While some studies support the notion that the time elapsed from coronal fracture and treatment with Cvek pulpotomy in permanent teeth plays an important role in minimizing the possibility of pain and discomfort, microbial pulp invasion, and ensuring pulpand periodontal healing, others consider that neither time between the accident and treatment nor size of exposure is critical if the inflamed superficialpulp tissue is amputated to the level of a healthy pulp. This study compares published data in an attempt to assess whether the outcome of Cvek pulpotomies is affected by these factors.Results and conclusions: Evidence in the literature suggests to treat a permanent tooth with a complicated crown fracture as soon as possible to diminish the possibility of pain and prevent necrosis and infection of the pulp. Delay of treatment by 9 days orless may have minimal effect on the outcome of Cvek pulpotomies. Whilethe literature indicates that pulp exposures of 4 mm or less may have agood prognosis after a Cvek pulpotomy, the prognosis in teeth with pulpexposures of more than 4 mm has not yet been clarified. Although the lit-erature is not conclusive regarding a difference in the outcomes of Cvek pulpotomies in teeth with open or closed apices, it appears that teeth with open apices have a better prognosis. The outcome of a Cvek pulpotomy may be compromised by a luxation injury that diminishes the tooth’s blood supply and innervation. A good restoration that prevents bacterial penetration into the tooth is essential for the success of a Cvek pulpotomy.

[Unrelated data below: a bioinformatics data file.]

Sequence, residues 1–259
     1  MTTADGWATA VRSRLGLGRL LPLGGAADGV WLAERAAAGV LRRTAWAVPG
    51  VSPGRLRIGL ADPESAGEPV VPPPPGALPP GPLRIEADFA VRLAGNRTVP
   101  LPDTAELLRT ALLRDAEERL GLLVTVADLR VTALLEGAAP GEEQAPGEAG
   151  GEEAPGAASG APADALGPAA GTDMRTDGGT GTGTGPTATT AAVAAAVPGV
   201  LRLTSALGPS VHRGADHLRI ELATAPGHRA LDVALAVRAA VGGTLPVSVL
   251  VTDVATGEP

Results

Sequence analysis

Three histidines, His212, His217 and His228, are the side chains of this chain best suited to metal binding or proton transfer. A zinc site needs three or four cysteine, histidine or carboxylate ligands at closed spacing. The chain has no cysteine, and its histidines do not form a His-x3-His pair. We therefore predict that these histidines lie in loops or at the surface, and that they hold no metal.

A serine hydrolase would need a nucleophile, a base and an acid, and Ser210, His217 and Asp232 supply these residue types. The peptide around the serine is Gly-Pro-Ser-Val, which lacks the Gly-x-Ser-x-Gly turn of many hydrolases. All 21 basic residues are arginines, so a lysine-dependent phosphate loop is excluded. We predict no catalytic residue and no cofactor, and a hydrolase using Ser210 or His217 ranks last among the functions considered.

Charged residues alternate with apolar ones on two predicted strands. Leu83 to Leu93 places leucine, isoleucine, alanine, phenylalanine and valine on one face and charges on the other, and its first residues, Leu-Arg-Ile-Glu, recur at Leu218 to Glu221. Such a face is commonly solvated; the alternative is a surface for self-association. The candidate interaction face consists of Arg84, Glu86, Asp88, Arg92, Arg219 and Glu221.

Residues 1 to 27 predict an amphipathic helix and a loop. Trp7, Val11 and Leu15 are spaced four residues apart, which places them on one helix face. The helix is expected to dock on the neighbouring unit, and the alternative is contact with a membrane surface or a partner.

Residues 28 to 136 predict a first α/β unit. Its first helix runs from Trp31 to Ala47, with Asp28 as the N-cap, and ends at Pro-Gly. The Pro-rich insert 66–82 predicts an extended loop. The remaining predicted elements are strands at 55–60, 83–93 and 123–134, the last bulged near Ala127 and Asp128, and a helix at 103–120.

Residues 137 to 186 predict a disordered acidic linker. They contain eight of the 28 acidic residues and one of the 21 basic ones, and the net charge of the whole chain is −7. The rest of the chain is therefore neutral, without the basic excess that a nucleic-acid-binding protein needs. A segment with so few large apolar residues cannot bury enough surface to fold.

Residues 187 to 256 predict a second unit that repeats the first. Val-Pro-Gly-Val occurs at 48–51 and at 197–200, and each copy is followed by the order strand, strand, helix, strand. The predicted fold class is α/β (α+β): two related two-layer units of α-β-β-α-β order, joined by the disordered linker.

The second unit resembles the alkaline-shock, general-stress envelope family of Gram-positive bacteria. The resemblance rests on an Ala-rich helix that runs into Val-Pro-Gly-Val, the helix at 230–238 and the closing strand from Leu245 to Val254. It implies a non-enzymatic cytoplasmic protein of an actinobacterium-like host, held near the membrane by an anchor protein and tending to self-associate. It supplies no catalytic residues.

Cvek Revisited

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